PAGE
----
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Global Fishing Crisis

As one of the world’s oldest and most enjoyed pastimes, fishing has been a useful tool in linking generations by ties of pursuing a mutual goal. Thousands of years ago, humankind used fishing to support growing civilizations and trade with neighboring groups. Today, fishing has split into two different categories: commercial and recreational. Commercial fishing, an industry as old as mankind itself, is extremely profitable. In 2011 alone, recreational and commercial saltwater fishing generated $199 billion in the United States alone. These industries create over 1.7 million jobs through harvesting, retail, processing, etc.

One of the largest issues within the fishing industry today is the tragic mismanagement of fishing populations worldwide. Countries such as Japan, China, and even the United States are flagrantly over-fishing in the Pacific Ocean. Little respect for the conservation of the common good, as well as future generations, is causing the world’s fisheries to deplete at a rate more rapidly than ever before. The current global fleet of fishing boats is two to three times larger than the world can sustain. Vessels and corporations are overlooking the rules and guidelines of sustainable fishing, as well as disregarding common ethics of sustainability. The rules of harvest themselves are immensely outdated; technology today gives us a tragic look at what past generations of fishing have done to the world’s supply of fish. The depletion of fisheries is also intensified by the effects of global climate change, which is confirmed to affect fish populations.

Fishing is an industry where sustainability should be incentivized. When a fishery is depleted, those who harvest from it will suffer lower profits and higher costs. Not only do those who harvest from that fishery suffer, but those who depend on them such as wholesalers will be unable to meet demand. Over-fishing is a lose-lose situation. One of the major reasons that populations are over-fished is the use of grossly destructive equipment such as bottom trawls and gigantic nets. If people would use more effective equipment, they could target species more accurately and increase sustainability.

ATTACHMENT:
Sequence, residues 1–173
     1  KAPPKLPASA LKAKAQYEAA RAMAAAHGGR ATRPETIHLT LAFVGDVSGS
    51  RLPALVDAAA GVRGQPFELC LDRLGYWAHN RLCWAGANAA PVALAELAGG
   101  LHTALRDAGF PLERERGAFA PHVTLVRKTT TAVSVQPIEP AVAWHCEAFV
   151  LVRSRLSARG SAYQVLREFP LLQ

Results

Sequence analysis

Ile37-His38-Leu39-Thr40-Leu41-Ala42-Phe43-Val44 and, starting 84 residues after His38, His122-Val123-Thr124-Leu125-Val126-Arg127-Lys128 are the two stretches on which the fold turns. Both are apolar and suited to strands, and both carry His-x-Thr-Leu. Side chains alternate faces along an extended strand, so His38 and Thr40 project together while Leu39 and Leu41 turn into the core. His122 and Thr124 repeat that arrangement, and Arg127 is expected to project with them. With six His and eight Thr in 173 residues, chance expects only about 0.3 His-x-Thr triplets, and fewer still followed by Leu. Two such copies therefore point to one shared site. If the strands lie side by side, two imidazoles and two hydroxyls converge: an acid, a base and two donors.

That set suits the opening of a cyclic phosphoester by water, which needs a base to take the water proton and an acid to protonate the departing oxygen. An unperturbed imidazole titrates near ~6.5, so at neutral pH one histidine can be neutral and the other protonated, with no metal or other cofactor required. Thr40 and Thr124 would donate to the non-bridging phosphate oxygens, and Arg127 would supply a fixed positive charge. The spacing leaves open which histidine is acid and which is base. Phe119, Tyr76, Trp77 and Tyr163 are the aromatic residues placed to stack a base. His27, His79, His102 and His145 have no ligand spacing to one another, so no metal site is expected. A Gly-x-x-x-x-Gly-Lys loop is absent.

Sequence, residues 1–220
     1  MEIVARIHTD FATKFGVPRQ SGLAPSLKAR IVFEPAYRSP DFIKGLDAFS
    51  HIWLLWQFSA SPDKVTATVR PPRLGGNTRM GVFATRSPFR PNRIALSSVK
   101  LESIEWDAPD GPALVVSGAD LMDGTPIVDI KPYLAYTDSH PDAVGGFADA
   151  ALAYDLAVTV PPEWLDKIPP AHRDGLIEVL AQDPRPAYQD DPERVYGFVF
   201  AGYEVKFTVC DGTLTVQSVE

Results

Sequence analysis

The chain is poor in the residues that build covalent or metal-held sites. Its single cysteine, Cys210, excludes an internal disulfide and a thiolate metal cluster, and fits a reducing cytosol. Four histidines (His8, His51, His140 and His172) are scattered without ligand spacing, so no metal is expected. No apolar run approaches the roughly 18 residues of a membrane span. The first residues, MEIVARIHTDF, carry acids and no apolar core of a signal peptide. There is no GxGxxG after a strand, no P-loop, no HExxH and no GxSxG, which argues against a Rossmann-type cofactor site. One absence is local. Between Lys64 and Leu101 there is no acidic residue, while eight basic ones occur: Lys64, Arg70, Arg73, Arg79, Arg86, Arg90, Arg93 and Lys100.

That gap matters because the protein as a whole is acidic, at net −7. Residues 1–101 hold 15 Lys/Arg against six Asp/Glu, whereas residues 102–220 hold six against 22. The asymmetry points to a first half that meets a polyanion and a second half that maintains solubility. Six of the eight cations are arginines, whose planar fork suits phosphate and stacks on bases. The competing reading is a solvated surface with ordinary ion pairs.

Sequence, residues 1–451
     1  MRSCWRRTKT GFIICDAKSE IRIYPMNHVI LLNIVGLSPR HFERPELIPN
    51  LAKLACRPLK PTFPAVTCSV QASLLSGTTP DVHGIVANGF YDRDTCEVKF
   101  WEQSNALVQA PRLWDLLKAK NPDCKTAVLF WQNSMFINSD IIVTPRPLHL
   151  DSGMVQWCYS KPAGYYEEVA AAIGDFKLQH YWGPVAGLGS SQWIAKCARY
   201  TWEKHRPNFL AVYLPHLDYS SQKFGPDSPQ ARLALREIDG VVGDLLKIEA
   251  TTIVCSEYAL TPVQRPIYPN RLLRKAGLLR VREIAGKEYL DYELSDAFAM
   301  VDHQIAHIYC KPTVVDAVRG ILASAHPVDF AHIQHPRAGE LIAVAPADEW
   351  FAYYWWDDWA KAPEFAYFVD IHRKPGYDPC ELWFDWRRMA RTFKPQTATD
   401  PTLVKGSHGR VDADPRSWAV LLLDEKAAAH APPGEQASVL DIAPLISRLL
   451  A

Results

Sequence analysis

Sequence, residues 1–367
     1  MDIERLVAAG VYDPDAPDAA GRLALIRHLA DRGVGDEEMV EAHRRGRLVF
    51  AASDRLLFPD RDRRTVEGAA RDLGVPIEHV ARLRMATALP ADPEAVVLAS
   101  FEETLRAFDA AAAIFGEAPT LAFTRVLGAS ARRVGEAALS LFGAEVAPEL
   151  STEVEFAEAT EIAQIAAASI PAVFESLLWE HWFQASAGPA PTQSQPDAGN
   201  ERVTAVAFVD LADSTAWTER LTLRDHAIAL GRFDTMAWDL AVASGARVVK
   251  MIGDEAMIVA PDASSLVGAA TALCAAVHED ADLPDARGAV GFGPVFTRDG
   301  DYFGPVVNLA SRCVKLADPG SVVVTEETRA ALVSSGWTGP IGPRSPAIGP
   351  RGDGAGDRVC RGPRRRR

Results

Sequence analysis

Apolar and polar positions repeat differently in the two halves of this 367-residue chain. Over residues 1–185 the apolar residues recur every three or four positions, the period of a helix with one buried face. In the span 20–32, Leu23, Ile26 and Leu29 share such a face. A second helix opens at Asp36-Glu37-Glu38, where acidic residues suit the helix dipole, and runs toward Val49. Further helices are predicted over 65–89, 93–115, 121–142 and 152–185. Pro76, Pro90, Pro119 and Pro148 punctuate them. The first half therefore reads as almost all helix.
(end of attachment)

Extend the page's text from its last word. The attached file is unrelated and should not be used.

There is no quick solution to over-fishing, one of the major economic situations of the 21st Century. Many people have their own opinions on how to reach a level of fishing where man is no longer depleting the ocean of its stock. The most popular solution is the establishment of an organization or governing body that can regulate the amount of harvest in certain key fishing regions such as the West Pacific Ocean, a popular destination for big eye tuna. One thing is for certain, the over-harvest that is currently occurring will be the demise of the entire fishing industry. If nations that depend on the fishing industry as one of their main economic resources do not act quickly, their economies could potentially enter a recession. Changes need to come within the next decade, because experts claim that the world could run out of harvest-worthy seafood before 2048. A great goal in the next decade would be to reduce the percentage of over-exploited fish stocks from over 85% to under 50%. This change will allow agencies and conservation organizations more time to address the global fishing crisis.

Source by Evan Banciella

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